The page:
Feature Toggles (sometimes referred to as Feature Flags) have revolutionized software development by allowing features within a software product to be enabled individually or disabled at any point, even after they’ve been rolled out to customers. Feature Toggles at Wayfair boost productivity and provide teams with complete control over when and how to make new capabilities available to end users.
Recent developments in the Feature Toggle space, including new user interfaces, have led to higher reliability and improvements in the time it takes to create and activate the Feature Toggle. In addition, various third-party tools are available in the market now that can track Feature Toggle events, logs, and metrics. They can even provide details on when someone used a particular toggle last.
Feature toggles at Wayfair
Currently, Wayfair has more than 10,000 active Feature Toggles deployed for various services and applications in our production environment (examples follow later in this blog). These are managed by legacy and third-party tools.
As quoted by a product manager from the Wayfair cart checkout team, “Feature Toggles allow me to do final validation in production with real-time data with no customer impact.”
One of the senior engineers with more than ten years of professional experience with Feature Toggles stated that “Feature Toggles allow you to work in the Continuous Integration and Deployment (CICD) environment without breaking the code.”
How and where we use Feature Toggles
As ardent adopters of high-velocity CICD, Wayfair goes the extra mile to minimize customer impact using toggles’ 0 to 100 percent “dial-up” capabilities. Teams follow a gradual dial-up approach by routing only 10 percent of users and consistently monitoring the feature toggle dashboard for any spikes that might raise issues. If there are no discrepancies, teams can gradually dial up the toggle to 100 percent, which makes the toggle fully active and available to all Wayfair users across the globe. This capability is a powerful feature as dialing down a Feature Toggle only takes a couple of minutes, as compared to code roll back which generally takes at least 5 minutes, if not more.
According to one of the senior managers at Wayfair, “With Feature Toggles, you can quickly test the functionality of your code using real-time data without worrying that you'll inadvertently ruin your users' experience. This also enables your team to work on several features concurrently without having to maintain distinct feature branches for each member.”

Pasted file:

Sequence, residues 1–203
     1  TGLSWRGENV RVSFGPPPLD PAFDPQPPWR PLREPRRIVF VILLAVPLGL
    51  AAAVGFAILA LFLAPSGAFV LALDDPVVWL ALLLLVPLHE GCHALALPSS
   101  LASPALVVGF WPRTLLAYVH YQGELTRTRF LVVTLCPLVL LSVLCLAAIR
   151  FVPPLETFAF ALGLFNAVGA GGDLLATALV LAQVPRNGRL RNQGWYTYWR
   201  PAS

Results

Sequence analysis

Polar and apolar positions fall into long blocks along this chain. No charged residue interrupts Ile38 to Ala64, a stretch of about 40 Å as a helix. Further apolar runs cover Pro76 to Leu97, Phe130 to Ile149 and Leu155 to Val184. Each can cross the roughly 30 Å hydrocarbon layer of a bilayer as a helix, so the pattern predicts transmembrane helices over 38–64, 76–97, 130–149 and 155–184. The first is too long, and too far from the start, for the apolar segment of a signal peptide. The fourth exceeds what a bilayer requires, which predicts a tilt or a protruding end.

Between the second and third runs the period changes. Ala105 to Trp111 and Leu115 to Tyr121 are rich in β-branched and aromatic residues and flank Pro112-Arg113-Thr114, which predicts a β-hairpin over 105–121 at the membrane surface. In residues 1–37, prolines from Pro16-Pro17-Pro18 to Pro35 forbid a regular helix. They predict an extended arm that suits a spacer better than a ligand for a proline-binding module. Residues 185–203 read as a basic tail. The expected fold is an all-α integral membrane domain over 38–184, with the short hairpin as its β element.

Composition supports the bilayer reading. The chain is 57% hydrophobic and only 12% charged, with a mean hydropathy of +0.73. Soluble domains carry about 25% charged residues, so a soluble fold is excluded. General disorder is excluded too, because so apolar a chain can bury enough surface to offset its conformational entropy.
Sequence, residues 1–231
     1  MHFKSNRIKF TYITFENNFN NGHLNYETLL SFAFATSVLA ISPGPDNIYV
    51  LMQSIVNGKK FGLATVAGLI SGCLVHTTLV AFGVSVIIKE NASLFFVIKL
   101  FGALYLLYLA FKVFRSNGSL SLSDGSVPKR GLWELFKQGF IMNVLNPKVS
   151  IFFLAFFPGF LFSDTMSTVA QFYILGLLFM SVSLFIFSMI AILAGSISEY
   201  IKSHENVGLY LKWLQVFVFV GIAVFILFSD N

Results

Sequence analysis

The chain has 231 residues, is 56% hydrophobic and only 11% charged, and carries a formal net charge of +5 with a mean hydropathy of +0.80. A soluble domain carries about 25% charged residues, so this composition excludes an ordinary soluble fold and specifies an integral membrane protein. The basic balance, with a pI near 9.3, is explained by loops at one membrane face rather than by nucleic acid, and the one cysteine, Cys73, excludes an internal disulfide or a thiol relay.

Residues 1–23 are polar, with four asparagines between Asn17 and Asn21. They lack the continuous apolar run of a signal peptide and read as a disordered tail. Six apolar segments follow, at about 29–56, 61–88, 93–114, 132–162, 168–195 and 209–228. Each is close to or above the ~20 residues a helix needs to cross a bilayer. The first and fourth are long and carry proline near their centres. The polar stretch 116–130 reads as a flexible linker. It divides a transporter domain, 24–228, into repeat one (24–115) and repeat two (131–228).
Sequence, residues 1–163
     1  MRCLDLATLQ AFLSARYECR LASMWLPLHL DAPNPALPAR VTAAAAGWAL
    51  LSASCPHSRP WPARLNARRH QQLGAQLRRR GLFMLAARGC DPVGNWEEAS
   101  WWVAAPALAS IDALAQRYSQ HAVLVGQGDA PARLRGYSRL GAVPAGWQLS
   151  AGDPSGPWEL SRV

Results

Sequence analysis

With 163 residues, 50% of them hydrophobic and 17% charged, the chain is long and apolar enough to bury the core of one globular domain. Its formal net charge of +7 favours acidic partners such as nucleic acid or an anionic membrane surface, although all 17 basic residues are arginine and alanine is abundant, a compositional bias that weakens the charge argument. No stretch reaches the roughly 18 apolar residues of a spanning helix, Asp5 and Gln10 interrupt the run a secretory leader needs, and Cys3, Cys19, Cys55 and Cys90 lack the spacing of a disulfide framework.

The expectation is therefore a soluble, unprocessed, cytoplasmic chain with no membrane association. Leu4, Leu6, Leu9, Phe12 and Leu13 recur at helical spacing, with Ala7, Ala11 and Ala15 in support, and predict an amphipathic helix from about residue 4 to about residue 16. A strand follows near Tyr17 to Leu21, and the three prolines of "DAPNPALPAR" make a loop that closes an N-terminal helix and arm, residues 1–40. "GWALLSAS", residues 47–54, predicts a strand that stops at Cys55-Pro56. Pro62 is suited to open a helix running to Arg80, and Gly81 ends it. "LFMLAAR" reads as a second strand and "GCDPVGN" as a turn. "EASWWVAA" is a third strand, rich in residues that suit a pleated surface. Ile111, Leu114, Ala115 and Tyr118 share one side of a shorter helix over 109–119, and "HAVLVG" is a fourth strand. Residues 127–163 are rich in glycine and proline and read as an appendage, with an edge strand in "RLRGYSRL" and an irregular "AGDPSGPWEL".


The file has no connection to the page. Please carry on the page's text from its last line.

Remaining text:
Another Feature Toggle use case is to provide recommendations or suggestions for items to buy based on the existing items in a customer’s cart at the checkout page. For example, using Feature Flags we can also show our customers new features like pop-ups that prompt them to add an item to their basket or offer suggestions for other products they might want to buy before completing their purchase. This is a simple approach to introduce customers to items they may not have previously seen in our online store and ultimately get them to add more items to their shopping cart.
Wayfair also makes efficient use of Feature Toggles at the back end. For example, Wayfair uses Feature Toggles in its warehouse workflow to improve the efficiency and productivity of the team by automating the process. At our warehouse facilities, we use Feature Toggles to validate solutions and their impact before rolling them out to more facilities. Wayfair also uses Feature Toggles for incremental rollouts, per facilities, per warehouse associates, or both.
In the future, we want features that support operational decisions in our warehouses. For example, a warehouse user who has to find space for a pallet/box for storage in the warehouse can scan the label on the box to see which areas in the warehouse can correctly fit the item based on its dimensions instead of searching around in the warehouse looking for a suitable space.
Feature Toggles work well, but in general, it’s best to keep them short-lived and limit them to a small number. Too many flags or long-lived flags add complexity and create deliberate tech debt. That’s why cleaning up feature flags is important to keep a codebase sane.
When used correctly, feature flags can help companies ship more often, minimize risk, increase productivity, and even help with targeting users and A/B test features. Evaluating a company's branching strategy with feature flags can also be powerful, especially if you need to ship frequently like we do.
Everyday, Wayfair tries to bring as much value to its customers as possible by creating new feature toggles, and our newest toggle will be delivered in the coming weeks. These feature toggles are vital because they allow the teams to adapt quickly to the changes as per the customer feedback received on products. They also fit well with the practice of Continuous Integration and Delivery (CICD) and with techniques like A/B testing and canary releases. But success is not guaranteed. You must have a robust engineering process, solid technical design, and mature toggle life-cycle management. Without these three key considerations, the use of feature toggles can be counter-productive.
This blog and the research behind it would not have been possible without the exceptional support of my manager Ji-Haw Foo. His deep knowledge and attention to details has been an inspiration and kept my work on track from the first day. I would also like to thank my colleagues Mike Bell, Ankur Shah and Prathyusha Bobba for guiding me and providing valuable, timely feedback.